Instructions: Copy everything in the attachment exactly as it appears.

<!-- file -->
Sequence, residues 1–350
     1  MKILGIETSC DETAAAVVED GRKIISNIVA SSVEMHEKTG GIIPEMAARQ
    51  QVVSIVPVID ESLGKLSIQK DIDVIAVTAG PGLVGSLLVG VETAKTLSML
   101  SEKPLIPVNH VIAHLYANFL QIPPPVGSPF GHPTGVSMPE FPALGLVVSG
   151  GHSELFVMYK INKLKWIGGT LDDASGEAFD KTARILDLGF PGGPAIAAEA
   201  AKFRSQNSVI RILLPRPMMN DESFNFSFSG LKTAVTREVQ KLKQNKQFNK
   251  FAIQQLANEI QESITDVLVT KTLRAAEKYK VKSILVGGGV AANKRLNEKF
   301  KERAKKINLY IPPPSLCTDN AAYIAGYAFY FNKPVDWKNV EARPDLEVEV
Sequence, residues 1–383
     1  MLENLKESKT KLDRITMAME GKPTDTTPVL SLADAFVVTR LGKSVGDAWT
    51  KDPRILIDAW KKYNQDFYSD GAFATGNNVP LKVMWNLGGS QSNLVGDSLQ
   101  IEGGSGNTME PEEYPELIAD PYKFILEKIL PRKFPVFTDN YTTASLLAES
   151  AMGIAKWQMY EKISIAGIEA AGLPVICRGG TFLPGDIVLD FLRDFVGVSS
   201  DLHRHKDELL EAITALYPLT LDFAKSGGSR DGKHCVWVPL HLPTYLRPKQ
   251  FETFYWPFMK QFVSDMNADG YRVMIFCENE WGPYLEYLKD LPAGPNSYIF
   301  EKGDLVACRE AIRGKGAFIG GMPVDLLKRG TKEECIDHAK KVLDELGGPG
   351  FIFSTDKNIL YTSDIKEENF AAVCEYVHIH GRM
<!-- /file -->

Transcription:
Sequence, residues 1–350
     1  MKILGIETSC DETAAAVVED GRKIISNIVA SSVEMHEKTG GIIPEMAARQ
    51  QVVSIVPVID ESLGKLSIQK DIDVIAVTAG PGLVGSLLVG VETAKTLSML
   101  SEKPLIPVNH VIAHLYANFL QIPPPVGSPF GHPTGVSMPE FPALGLVVSG
   151  GHSELFVMYK INKLKWIGGT LDDASGEAFD KTARILDLGF PGGPAIAAEA
   201  AKFRSQNSVI RILLPRPMMN DESFNFSFSG LKTAVTREVQ KLKQNKQFNK
   251  FAIQQLANEI QESITDVLVT KTLRAAEKYK VKSILVGGGV AANKRLNEKF
   301  KERAKKINLY IPPPSLCTDN AAYIAGYAFY FNKPVDWKNV EARPDLEVEV
Sequence, residues 1–383
     1  MLENLKESKT KLDRITMAME GKPTDTTPVL SLADAFVVTR LGKSVGDAWT
    51  KDPRILIDAW KKYNQDFYSD GAFATGNNVP LKVMWNLGGS QSNLVGDSLQ
   101  IEGGSGNTME PEEYPELIAD PYKFILEKIL PRKFPVFTDN YTTASLLAES
   151  AMGIAKWQMY EKISIAGIEA AGLPVICRGG TFLPGDIVLD FLRDFVGVSS
   201  DLHRHKDELL EAITALYPLT LDFAKSGGSR DGKHCVWVPL HLPTYLRPKQ
   251  FETFYWPFMK QFVSDMNADG YRVMIFCENE WGPYLEYLKD LPAGPNSYIF
   301  EKGDLVACRE AIRGKGAFIG GMPVDLLKRG TKEECIDHAK KVLDELGGPG
   351  FIFSTDKNIL YTSDIKEENF AAVCEYVHIH GRM